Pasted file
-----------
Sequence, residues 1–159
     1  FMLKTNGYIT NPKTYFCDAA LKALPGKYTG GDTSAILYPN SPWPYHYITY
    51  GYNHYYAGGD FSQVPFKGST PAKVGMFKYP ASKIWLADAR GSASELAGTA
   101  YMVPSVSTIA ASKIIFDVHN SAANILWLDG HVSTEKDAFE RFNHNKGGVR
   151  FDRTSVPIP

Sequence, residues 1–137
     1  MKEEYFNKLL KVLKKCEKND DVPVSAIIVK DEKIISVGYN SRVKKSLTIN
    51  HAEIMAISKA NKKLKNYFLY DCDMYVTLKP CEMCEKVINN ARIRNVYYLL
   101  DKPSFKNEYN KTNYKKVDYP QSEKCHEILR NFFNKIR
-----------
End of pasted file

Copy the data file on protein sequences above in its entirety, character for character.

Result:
Sequence, residues 1–159
     1  FMLKTNGYIT NPKTYFCDAA LKALPGKYTG GDTSAILYPN SPWPYHYITY
    51  GYNHYYAGGD FSQVPFKGST PAKVGMFKYP ASKIWLADAR GSASELAGTA
   101  YMVPSVSTIA ASKIIFDVHN SAANILWLDG HVSTEKDAFE RFNHNKGGVR
   151  FDRTSVPIP

Sequence, residues 1–137
     1  MKEEYFNKLL KVLKKCEKND DVPVSAIIVK DEKIISVGYN SRVKKSLTIN
    51  HAEIMAISKA NKKLKNYFLY DCDMYVTLKP CEMCEKVINN ARIRNVYYLL
   101  DKPSFKNEYN KTNYKKVDYP QSEKCHEILR NFFNKIR